Barden's single off Hitoki Iwase scored Jason Donald from second. International baseball's new extra-innings rule calls for, beginning in the 11th inning, runners to start on first and second with teams able to start at any point in their batting order.
Nate Schierholtz and Matt Brown followed with RBI singles of their own. Casey Weathers allowed consecutive two-out RBI singles to Atsunori Inaba and Hiroyuki Nakajima, then walked Shuichi Murata before getting pinch-hitter Shinnosuke Abe to pop up to end it with the winning run on first.
British middleweight James Degale beat former Olympic champion Bakhtiyar Artayev of Kazakhstan to clinch Britain’s third boxing medal in Beijing, while Vijender Kumar clinched the first boxing medal in India’s history.
Cuba’s last two fighters also reached the semifinals with one-sided victories, guaranteeing a whopping eight medals for the sport’s now-unquestioned power. Flyweight Andris Laffita earned a marquee meeting with Russia’s Georgy Balakshin, while middleweight Emilio Correa emulated his medal-winning father with a win over Uzbekistan’s Elshod Rasulov.
Italy’s Vincenzo Picardi left the arena on his coach’s shoulders after beating Tunisia’s Walid Cherif to clinch a medal. Italy already clinched medals for its two heaviest fighters, world champions Roberto Cammarelle and Clemente Russo, but rarely does well in the lighter classes.
Dzhakhon Kurbanov, the light heavyweight from Tajikistan who bit his opponent on the shoulder in a quarterfinal bout, won't face additional sanctions or suspension by the International Boxing Association (AIBA).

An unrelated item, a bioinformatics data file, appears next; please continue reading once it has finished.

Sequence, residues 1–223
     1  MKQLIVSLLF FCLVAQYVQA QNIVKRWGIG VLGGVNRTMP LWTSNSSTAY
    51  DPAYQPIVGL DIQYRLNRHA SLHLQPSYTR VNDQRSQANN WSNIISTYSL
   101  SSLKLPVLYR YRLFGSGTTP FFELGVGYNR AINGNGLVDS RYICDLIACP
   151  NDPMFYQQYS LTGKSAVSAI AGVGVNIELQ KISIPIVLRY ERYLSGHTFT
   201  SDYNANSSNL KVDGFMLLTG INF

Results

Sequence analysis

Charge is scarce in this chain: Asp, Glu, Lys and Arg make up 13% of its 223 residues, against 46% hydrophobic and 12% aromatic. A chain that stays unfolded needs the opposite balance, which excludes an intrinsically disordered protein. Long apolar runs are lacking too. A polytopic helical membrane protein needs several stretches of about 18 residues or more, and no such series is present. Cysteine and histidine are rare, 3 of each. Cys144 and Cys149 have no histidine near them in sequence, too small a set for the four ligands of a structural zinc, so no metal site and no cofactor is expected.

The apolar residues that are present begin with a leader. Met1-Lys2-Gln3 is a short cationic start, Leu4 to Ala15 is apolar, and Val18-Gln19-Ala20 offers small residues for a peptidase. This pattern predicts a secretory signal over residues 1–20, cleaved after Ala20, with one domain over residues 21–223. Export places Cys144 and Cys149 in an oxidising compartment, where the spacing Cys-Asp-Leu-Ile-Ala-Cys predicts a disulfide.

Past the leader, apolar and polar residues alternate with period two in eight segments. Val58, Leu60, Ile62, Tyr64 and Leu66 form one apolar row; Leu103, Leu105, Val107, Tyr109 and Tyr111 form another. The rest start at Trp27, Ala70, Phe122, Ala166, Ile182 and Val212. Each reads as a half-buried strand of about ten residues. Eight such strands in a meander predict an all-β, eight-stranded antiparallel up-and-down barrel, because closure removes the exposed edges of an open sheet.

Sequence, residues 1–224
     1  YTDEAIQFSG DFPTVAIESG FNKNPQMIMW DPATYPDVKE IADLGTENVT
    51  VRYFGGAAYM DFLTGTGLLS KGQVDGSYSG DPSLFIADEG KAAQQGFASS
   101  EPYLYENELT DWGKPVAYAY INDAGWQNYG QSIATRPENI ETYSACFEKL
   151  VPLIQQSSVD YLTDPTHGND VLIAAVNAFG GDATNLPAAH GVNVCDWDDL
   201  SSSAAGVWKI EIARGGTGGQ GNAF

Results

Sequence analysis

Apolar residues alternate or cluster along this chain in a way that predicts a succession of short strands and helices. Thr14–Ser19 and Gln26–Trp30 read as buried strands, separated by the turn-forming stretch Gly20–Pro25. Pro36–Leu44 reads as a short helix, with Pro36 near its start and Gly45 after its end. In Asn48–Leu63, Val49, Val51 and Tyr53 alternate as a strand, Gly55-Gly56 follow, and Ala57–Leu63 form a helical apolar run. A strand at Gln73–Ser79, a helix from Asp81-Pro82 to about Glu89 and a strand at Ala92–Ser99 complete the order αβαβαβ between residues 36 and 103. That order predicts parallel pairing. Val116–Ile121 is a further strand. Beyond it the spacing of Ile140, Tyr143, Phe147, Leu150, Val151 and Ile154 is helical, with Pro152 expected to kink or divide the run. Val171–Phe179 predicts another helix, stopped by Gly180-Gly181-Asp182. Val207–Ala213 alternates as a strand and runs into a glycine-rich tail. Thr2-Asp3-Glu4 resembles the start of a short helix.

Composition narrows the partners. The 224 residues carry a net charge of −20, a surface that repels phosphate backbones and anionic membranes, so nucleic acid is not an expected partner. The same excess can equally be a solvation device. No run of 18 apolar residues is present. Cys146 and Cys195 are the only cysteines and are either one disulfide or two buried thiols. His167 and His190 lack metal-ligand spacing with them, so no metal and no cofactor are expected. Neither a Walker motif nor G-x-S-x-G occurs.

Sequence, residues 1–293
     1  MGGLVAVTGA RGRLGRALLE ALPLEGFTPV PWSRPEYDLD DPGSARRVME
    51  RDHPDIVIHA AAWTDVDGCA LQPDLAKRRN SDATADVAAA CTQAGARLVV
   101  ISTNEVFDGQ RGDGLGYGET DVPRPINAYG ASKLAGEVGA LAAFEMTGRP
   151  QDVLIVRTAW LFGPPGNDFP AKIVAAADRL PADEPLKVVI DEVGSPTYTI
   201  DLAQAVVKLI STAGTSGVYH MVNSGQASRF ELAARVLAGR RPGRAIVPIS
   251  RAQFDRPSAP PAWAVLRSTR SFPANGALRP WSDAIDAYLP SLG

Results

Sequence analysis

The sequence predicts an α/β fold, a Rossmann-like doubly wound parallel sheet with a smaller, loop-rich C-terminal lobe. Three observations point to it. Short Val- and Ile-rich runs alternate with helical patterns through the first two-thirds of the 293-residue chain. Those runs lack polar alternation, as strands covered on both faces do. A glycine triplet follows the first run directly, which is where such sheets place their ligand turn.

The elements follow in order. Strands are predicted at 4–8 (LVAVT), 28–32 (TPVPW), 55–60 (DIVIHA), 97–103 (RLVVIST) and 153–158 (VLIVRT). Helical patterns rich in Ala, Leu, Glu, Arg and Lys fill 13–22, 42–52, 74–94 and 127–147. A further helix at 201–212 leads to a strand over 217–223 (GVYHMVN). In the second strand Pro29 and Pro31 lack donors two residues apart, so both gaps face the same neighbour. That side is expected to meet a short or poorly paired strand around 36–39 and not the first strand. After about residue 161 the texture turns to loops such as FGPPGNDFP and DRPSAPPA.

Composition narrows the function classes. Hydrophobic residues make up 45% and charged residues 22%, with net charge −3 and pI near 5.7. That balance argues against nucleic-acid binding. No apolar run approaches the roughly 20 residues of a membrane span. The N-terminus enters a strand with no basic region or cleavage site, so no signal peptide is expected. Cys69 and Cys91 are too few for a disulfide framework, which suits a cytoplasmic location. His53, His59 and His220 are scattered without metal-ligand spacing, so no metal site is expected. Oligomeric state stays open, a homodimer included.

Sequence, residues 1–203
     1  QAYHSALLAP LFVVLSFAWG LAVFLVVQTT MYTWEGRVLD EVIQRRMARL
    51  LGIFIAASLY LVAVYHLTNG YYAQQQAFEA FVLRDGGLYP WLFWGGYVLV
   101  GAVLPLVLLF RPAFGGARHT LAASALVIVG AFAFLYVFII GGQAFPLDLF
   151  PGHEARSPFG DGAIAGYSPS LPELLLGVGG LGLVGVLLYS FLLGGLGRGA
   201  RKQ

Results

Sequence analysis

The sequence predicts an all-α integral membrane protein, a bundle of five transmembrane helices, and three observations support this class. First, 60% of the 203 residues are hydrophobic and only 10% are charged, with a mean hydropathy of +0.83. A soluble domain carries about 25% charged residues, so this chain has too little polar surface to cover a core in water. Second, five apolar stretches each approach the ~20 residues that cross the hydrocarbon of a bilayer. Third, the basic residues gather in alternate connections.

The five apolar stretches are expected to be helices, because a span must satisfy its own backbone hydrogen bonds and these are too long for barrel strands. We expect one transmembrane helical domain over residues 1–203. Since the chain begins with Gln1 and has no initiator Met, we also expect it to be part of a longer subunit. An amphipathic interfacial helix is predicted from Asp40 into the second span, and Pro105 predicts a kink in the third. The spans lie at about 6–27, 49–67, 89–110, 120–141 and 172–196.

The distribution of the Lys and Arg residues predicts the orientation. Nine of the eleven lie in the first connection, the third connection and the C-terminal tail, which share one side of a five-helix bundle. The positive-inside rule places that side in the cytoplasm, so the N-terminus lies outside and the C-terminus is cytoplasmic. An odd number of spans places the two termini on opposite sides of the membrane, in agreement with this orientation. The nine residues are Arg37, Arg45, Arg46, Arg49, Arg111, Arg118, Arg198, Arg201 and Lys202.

A light heavyweight boxer from Tajikistan was disqualified for biting his opponent. Spokesman Richard Baker said Wednesday that Kurbanov's disqualification from the Olympic boxing tournament will be his only punishment for the bizarre infraction, which occurred with 17 seconds left in the third round of his bout with Kazakhstan's Yerkebulan Shynaliyev.
Kurbanov, who was trailing 12-6 at the time, apparently bit Shynaliyev during a clinch, leading the referee to stop the bout. Baker said doctors believe Kurbanov didn't draw blood, and that the blood seen on Shynaliyev's shoulder might have been from a cut on Kurbanov's face.
Kurbanov still had his mouthpiece in his mouth when he bit Shynaliyev, who clinched a medal with the victory and advanced to Friday's semifinals.
The U.S. squad knows who it will be playing in the semifinals: Serbia. The other semi will pit reigning European champs Montenegro against two-time defending Olympic gold medalist Hungary.
Serbia beat Spain to advance. Montenegro moved on by upsetting Croatia, which came in as the world’s No. 1 team.
The stands were filled with fans, cheering for both every jump and crash. The theme from "Rocky" and AC/DC's "Thunderstruck" blared from speakers as Chinese cheerleaders and breakdancers gyrated along. Outside, plenty of people without tickets tried desperately to talk their way in, just to be part of it all.
The BMX world had never seen this before. The sport finally had reached the Olympic stage.
"You can't get much more rad than this," American star Donny Robinson said.
Not in the Summer Games, anyway.
And in the biggest competition of their lives, the four American riders didn't disappoint - but didn't escape unscathed, either. All advanced, but three-time world champion Kyle Bennett dislocated his left shoulder in his third and final heat. Doctors popped it back into place, and Bennett plans to race Thursday.
U.S. Olympic trials champion Mike Day had the fastest time in the men's seeding time trial and easily won all three of his qualifying races, suggesting he's in gold-medal form. The lone American woman, Jill Kintner, moved into Thursday's semifinals seeded seventh in her field of 16.
"I had a great day," Day said. "Not to sound cocky, but everything's kind of coming naturally. Everything feels good, so hopefully tomorrow will be the same. I felt good and hopefully I made a statement today."
The Associated Press and NBCOlympics.com contributed to this report.